Since 1957, Malaysian citizens have become accustomed to a de facto entitlement to publicly provided and highly subsidized health care and the country’s primary healthcare system is one of the most accessible in the world. In recent years, Malaysian government agencies have acquired controlling stakes in major for-profit healthcare enterprises. The Johor state government, for instance, controls a large diversified healthcare conglomerate which includes the largest chain of private hospitals in the country. Meanwhile, the Malaysian federal government’s sovereign wealth fund (Khazanah) controls the second largest listed private healthcare provider in the world. Government-linked companies now account for more than 40 per cent of ‘private’ hospital beds in Malaysia.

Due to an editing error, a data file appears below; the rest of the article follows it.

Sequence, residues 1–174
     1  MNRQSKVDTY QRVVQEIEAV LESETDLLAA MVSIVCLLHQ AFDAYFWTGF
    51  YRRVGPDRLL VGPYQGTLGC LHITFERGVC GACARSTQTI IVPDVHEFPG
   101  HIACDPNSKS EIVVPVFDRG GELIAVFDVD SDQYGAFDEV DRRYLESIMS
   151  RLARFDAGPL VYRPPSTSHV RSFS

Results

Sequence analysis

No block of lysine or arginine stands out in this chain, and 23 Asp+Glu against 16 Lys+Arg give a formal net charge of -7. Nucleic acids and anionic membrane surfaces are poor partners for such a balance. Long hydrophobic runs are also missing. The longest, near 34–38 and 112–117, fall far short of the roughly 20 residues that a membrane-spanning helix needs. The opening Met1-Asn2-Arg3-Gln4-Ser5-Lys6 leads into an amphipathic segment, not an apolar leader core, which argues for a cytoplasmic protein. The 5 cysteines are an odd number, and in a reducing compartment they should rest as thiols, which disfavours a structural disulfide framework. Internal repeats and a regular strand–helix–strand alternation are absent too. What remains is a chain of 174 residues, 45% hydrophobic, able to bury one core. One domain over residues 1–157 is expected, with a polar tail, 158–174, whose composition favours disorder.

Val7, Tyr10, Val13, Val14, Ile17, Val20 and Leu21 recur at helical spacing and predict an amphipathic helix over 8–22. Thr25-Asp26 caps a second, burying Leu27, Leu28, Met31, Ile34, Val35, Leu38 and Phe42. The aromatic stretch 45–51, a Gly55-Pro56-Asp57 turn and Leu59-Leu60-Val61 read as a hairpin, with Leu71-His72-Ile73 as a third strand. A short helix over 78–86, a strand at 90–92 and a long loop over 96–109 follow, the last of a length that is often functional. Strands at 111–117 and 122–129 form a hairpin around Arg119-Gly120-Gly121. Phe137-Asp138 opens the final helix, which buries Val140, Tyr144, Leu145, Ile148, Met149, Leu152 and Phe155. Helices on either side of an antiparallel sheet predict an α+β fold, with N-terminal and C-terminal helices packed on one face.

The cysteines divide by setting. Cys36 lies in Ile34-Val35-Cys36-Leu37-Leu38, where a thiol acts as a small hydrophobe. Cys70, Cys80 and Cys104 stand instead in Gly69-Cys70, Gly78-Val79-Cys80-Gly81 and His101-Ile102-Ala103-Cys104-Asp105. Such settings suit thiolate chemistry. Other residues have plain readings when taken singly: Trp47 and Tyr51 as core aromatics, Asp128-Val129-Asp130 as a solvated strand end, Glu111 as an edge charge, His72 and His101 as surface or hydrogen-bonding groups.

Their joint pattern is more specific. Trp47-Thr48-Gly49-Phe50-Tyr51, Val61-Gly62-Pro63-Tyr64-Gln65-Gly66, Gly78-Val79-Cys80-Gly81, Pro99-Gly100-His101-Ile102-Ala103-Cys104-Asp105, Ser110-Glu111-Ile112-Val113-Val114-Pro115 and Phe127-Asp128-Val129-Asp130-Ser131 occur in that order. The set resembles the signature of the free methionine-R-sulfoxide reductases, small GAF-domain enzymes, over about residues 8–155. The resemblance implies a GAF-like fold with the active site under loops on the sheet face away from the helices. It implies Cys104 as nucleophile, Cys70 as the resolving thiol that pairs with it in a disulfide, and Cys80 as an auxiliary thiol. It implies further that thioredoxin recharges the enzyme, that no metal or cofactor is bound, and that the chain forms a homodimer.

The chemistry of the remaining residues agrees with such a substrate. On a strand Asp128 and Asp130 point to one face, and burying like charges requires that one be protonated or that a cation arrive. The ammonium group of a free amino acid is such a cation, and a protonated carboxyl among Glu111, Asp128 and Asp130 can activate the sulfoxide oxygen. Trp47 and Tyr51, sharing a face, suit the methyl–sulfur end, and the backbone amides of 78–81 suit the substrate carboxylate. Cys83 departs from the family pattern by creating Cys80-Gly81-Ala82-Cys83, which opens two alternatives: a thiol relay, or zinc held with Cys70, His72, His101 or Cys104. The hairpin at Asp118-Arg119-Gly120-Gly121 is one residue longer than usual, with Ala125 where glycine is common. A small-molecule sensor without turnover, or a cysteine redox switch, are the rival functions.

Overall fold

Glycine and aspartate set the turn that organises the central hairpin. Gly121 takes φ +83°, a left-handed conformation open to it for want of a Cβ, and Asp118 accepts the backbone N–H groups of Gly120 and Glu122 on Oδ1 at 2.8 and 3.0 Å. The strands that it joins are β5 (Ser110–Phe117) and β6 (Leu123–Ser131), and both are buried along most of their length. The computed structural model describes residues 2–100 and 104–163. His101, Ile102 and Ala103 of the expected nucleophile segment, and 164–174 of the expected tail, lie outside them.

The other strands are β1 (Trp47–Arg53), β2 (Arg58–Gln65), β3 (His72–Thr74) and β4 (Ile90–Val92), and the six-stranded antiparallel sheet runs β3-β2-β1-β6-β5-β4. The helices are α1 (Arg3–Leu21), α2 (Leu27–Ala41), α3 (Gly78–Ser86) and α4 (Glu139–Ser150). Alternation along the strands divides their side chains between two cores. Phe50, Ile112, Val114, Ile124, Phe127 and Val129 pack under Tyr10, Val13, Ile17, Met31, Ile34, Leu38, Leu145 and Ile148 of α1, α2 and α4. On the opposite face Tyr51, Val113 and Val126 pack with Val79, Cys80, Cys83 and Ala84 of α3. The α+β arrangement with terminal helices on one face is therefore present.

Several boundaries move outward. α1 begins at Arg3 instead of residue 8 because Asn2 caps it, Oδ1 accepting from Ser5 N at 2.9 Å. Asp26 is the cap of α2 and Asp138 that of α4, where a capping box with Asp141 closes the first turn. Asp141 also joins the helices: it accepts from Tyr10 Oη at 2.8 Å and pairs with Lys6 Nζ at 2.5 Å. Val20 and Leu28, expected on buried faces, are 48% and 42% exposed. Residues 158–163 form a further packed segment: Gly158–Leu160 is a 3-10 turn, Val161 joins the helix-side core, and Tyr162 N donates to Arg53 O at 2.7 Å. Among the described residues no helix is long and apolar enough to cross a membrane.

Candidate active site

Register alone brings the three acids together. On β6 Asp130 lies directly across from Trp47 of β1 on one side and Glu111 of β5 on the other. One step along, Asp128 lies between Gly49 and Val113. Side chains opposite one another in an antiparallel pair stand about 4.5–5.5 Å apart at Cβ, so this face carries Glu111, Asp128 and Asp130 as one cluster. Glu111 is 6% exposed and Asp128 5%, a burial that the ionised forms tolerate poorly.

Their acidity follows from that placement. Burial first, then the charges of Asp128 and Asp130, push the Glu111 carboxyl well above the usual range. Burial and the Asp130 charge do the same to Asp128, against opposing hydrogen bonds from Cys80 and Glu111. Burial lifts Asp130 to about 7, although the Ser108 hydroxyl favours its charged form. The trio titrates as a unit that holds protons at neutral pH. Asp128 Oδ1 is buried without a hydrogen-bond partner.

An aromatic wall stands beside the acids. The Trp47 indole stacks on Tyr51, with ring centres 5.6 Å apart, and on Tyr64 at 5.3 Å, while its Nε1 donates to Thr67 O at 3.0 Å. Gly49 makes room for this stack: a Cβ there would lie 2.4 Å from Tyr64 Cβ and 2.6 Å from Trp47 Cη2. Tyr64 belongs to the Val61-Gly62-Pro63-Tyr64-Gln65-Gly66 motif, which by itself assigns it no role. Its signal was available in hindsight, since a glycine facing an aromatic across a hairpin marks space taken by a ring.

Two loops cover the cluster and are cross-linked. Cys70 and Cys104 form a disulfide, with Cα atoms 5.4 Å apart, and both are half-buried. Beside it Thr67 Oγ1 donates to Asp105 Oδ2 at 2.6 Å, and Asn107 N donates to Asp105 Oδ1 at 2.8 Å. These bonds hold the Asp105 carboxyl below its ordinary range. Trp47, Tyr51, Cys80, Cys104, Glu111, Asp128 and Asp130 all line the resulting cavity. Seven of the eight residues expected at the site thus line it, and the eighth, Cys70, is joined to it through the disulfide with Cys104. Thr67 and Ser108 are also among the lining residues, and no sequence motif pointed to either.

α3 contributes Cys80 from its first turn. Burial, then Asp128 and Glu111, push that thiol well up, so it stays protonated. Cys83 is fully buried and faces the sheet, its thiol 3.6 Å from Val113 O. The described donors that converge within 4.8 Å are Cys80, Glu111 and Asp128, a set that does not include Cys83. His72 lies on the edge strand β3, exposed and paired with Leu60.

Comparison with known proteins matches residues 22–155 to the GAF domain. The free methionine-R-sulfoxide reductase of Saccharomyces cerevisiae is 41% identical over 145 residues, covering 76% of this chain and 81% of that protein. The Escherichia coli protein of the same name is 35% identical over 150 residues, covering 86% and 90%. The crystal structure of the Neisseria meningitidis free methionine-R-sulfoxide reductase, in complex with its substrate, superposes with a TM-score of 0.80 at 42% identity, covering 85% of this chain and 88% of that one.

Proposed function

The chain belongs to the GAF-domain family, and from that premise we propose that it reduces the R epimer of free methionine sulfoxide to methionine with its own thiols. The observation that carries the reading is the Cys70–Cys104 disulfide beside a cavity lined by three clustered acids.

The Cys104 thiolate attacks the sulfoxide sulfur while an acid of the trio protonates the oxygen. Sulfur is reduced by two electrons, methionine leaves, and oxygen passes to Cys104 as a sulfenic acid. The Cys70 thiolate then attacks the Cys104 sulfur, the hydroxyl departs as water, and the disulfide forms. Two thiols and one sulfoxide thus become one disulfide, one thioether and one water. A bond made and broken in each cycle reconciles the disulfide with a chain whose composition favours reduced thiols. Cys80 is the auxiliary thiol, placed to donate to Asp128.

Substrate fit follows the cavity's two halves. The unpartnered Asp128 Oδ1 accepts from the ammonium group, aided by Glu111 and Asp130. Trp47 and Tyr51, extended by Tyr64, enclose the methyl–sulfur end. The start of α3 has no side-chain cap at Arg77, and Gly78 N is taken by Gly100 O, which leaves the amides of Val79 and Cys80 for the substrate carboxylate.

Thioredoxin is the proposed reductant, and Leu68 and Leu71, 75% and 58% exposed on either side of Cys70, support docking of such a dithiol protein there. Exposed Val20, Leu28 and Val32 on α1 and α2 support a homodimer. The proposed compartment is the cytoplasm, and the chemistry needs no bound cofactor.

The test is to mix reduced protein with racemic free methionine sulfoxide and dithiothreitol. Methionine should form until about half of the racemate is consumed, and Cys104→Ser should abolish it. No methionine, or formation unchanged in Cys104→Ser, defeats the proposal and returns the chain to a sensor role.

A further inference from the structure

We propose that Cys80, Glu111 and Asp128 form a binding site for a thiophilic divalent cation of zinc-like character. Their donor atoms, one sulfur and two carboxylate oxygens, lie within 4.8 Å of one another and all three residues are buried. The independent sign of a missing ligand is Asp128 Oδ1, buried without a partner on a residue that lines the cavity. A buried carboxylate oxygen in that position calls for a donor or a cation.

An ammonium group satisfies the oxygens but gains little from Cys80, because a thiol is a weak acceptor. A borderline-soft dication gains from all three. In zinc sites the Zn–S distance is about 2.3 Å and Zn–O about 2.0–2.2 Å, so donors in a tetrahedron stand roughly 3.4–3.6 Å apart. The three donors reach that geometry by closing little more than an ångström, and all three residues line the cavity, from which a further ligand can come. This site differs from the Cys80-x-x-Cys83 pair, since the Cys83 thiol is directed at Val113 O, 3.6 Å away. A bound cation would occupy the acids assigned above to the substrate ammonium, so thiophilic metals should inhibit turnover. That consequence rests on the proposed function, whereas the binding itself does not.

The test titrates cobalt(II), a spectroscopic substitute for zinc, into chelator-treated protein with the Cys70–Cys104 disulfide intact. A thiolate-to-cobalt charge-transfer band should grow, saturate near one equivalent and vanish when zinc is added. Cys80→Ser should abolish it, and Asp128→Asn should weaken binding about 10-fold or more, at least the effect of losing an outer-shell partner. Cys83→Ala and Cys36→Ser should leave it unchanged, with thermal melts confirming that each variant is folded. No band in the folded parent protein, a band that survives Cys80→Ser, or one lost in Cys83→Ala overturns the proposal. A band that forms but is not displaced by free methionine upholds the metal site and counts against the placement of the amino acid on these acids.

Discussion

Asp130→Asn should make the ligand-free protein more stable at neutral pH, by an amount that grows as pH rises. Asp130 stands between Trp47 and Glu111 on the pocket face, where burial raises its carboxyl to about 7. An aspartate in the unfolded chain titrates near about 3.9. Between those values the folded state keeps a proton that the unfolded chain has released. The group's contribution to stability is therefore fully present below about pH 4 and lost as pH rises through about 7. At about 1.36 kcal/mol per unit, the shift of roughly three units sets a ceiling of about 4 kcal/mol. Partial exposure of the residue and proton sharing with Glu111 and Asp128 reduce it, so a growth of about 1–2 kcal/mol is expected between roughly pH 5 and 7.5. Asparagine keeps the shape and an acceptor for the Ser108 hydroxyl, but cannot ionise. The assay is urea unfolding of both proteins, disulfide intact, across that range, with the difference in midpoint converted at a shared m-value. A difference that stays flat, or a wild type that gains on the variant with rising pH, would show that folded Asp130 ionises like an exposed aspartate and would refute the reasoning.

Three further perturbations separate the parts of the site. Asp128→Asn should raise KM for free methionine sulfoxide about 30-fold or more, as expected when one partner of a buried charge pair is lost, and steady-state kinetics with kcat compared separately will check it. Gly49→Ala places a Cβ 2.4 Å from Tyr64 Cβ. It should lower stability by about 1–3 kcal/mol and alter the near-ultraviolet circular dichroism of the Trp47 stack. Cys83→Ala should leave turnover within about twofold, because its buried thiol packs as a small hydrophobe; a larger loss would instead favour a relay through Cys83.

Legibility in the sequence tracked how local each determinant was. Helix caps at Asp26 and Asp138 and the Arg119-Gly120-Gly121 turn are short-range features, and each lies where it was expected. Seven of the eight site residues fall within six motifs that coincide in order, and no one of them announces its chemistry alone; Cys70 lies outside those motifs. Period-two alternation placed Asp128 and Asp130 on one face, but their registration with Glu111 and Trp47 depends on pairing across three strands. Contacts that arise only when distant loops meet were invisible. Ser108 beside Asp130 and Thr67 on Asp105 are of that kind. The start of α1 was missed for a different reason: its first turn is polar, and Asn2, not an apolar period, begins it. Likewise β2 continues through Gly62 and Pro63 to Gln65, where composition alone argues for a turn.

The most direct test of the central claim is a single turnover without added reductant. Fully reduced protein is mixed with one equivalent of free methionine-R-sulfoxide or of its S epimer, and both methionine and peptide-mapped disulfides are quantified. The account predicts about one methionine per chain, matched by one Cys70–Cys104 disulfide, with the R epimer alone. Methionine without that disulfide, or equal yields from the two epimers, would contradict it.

This novel situation raises many intriguing questions: Is this a “nationalization” of private enterprises in human services, or an infusion of the ethos and logic of capital into the institutional dynamics of the state? How are conflicts of interests playing out, as the state juggles its multiple roles as funder and provider of public sector health care, as regulator of the healthcare system, and as prime investor in the for-profit health services industry? Is a targeted approach to publicly provided services (as opposed to a universalistic approach) an attempt to harmonize the state’s competing priorities in public and private sector healthcare?